EDITORIAL: Spending never stops, especially with consultants around

Governments, be they municipal, regional, provincial or federal seem to have a love affair with consulting companies.

Consultation — it’s a great career if you can get into it. In a time when many businesses and even industries are struggling to stay afloat, consulting seems to have a never ending line up of clients wanting to hire them.

That is as long as governments refuse to use their own staff.

Governments, be they municipal, regional, provincial or federal seem to have a love affair with consulting companies.

The Regional District of Central Kootenay is one example. While it is admirable that the RDCK has agreed to allow the City of Nelson to submit a formal proposal regarding sharing office space in the White Building (310 Ward Street), it also plans to hire a consultant to perform an independent business case analysis.

Doesn’t the RDCK have high paid staff that can handle such a routine endeavour?

While ensuring the appearance of fairness is important — that is why an  “independent” consultant is to be hired — is it worth the thousands of dollars that consultant will be paid?

Surely taxpayers have spent enough to foot the bill of regular RDCK employees that it isn’t necessary to add another contracted employee on to the ever-growing list.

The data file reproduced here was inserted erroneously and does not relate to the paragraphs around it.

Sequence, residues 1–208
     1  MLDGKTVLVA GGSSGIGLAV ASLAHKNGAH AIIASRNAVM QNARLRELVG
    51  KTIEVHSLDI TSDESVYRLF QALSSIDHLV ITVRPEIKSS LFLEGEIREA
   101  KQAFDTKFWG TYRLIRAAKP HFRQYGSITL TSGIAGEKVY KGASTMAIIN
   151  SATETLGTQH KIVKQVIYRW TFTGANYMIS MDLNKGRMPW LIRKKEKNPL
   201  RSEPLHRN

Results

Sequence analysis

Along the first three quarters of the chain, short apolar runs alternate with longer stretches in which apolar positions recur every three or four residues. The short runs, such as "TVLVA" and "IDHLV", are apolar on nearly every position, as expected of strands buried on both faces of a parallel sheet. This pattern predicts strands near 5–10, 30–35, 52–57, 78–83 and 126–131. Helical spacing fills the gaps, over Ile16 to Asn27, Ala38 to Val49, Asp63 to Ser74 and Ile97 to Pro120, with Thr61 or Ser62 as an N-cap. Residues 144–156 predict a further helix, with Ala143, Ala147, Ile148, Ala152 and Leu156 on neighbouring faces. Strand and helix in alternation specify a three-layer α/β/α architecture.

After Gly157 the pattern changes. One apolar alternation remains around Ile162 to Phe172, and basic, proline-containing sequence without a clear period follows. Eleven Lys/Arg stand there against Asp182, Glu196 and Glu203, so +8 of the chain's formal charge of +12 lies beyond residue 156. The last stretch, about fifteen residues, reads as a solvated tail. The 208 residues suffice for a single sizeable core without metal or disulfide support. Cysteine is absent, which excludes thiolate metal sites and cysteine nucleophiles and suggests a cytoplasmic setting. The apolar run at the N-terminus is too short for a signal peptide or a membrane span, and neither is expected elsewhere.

Staff are hired to help board members, city councillors or other elected officials make decisions by providing insight and expertise. Why do we need an outside source to do their job?

It’s not just the RDCK. The City of Nelson could be on the verge of making the same error – again.

A marketing firm is asking for $33,000 from the taxpayers to create a new branding strategy for Nelson.

While Mayor John Dooley voiced concerns about the proposal, council has directed staff to look into it.

If a brand is really that important, doesn’t it make sense to have staff create the strategy, rather than look into it?

The last time the city examined a new “look” or marketing tool, it spend $60,000 on a logo (often referred to as the flying bra) which it never uses.

Money well spent.

At a time when most people and businesses are continuing to be financially frugal, governments need to tow that line.

Consulting fees should be the first thing to go.

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